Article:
When thinking about how the birth-certificate fiasco reached such fever-pitch, leading the President of the United States to take to a podium and prove his citizenship, we shouldn’t give racism and irresponsible politicians all the credit. Certainly, this racially-fueled conspiracy wouldn’t have gotten far with a white president; and conservative politicians have welcomed the birther conspiracy as a way to undermine his legitimacy. But the culprit who should really feel ashamed is the media.
Rick Perlstein has a great piece in Mother Jones right now on why lies and conspiracies dominate our political culture today. Here's how it starts:
It takes two things to make a political lie work: a powerful person or institution willing to utter it, and another set of powerful institutions to amplify it. The former has always been with us...So why does it seem as if we're living in a time of overwhelmingly brazen deception? What's changed?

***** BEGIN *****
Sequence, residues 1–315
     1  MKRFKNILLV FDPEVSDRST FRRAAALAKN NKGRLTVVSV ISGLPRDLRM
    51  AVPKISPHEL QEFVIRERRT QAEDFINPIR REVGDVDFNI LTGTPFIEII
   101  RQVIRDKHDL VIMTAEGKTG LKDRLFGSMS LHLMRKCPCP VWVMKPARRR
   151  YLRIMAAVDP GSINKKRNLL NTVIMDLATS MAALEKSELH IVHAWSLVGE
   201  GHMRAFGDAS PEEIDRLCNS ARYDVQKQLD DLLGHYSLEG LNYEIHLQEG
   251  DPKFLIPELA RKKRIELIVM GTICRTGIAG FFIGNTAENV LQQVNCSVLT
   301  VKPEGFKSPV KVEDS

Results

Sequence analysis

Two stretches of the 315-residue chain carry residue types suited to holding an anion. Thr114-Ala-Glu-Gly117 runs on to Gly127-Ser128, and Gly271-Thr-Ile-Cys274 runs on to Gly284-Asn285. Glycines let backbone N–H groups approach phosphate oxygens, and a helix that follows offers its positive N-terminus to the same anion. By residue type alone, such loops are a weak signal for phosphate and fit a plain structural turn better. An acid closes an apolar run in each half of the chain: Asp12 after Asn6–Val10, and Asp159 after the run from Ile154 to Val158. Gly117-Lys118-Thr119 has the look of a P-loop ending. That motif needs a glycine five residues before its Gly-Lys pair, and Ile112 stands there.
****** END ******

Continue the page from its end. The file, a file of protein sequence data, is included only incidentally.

Today's marquee fibs almost always evolve the same way: A tree falls in the forest—say, the claim that Saddam Hussein has "weapons of mass destruction," or that Barack Obama has an infernal scheme to parade our nation's senior citizens before death panels. But then a network of media enablers helps it to make a sound—until enough people believe the untruth to make the lie an operative part of our political discourse.
The birther story fits in here too. According to the Washington Post, Obama decided to retrieve his birth certificate after an interview with George Stephanopoulos, in which important policy questions were subbed out for questions about his birth certificate. Did the media start the conspiracy? No, but they talked about it enough that it became mainstream. When Donald Trump began his fake presidential candidacy by talking about the president's nationality, the media welcomed the attention-grabbing conspiracy back into the public debate rather than asking him serious questions (with this hilarious exception).
In the last year, belief that Obama is not American has ticked up 5 percent to 25 percent of the population and 45 percent of Republicans. Certainly, right-wing media plays a major role in this. But it's important to note, when assigning blame, that these lies don’t go this far without the help of big media institutions.
You may also like
You need to be logged in to comment.
(If there's one thing we know about comment trolls, it's that they're lazy)